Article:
Young Robin Hood, in love with Maid Marian, enters an archery contest with his father at the King's palace. On the way home his father is murdered by hench men of Prince John. Robin takes ... See full summary »
Young Robin Hood, in love with Maid Marian, enters an archery contest with his father at the King's palace. On the way home his father is murdered by hench men of Prince John. Robin takes up the life of an outlaw, gathering together his band of merry men with him in Sherwood Forest, to avenge his father's death and to help the people of the land that Prince John are over taxing. Written by
This was Disney's first take on the Robin Hood legend, which was made with British funds that had been frozen during World War II. See more »
In one scene Maid Marian is wearing a dress with a zipper in the back. Zippers weren't invented for another thirteen centuries. See more »
[dressed as a page boy being held back by Little John]
Let me go, you monster! Let me go!
Hey, John. Give me that lad.
[Marian is tossed to Robin]
Let me down, you... you white faced...
Well, you're a pretty lad and sweetly tempered. Like a lady I used to know.
And I used to know a gentleman called Robin Fitzooth who would scorn to be a common thief.
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I remember as a small lad seeing this on Walt Disney's hour television show where he regularly segmented his feature films for broadcast. Unfortunately this Robin Hood gets overlooked next to Errol Flynn's and the silent with Douglas Fairbanks, Sr. but it has enough merit to stand on its own.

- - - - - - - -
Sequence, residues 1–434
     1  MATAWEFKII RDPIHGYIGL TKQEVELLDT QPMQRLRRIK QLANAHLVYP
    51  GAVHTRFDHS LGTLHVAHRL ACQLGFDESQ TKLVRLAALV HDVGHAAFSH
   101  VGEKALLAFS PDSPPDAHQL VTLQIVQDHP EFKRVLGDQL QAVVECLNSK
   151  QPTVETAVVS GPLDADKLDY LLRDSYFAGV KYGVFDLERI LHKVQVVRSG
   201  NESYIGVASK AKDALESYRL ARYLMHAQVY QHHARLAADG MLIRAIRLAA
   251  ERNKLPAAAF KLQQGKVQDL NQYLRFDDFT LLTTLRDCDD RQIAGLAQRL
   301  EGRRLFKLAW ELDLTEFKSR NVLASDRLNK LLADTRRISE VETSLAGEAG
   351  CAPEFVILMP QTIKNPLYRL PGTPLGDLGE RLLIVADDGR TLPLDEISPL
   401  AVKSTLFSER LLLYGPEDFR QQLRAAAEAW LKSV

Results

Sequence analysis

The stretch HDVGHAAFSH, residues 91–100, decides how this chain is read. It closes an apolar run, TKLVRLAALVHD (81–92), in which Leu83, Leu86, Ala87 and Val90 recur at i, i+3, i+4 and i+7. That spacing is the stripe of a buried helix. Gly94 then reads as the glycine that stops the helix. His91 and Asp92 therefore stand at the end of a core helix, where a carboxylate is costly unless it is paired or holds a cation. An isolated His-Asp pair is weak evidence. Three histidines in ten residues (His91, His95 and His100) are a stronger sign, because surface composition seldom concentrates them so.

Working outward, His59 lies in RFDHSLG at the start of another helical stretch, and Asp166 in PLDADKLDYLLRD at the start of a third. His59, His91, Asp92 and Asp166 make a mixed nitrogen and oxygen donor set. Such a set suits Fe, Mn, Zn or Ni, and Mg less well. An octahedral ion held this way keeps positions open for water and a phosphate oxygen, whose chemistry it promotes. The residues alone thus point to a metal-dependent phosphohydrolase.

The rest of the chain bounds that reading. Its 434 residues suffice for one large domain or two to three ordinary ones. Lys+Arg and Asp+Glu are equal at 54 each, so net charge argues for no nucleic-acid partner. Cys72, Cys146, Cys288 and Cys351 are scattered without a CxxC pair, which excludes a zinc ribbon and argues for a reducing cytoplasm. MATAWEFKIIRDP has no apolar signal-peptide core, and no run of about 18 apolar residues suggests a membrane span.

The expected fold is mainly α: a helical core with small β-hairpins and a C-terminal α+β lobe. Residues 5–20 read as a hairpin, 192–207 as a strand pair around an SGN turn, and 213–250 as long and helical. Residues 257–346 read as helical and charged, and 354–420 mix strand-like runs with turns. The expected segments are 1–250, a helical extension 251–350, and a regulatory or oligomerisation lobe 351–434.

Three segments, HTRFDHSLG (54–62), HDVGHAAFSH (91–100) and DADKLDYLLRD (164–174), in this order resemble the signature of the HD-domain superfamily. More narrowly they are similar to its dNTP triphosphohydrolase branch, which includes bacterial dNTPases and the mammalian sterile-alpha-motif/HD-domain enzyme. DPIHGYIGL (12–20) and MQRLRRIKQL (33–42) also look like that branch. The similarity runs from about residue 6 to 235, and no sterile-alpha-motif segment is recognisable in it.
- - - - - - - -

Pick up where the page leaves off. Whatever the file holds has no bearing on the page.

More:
Richard Todd is a dashing Robin Hood and he was at the height of his career when he did this film for Walt Disney. Todd was a fine performer and should have had a much bigger career than he did.
The cast is filled out with a fine group of British performers. Two in my opinion really stand out. Peter Finch gets his first real exposure to American audiences as the villainous Sheriff of Nottingham. He probably had the biggest career of all the cast members.
Secondly the booming James Robertson Justice as Little John is never bad in any film he was ever in. The classic battle between Robin Hood and Little John with staffs on a log bridge was never done better.
During the 1950s this version also had competition from television where Richard Greene had a successful series for about seven years. The TV series was a good one, but this film doesn't have to yield to it either.
A fine adventure film, the kind just not being made any more.
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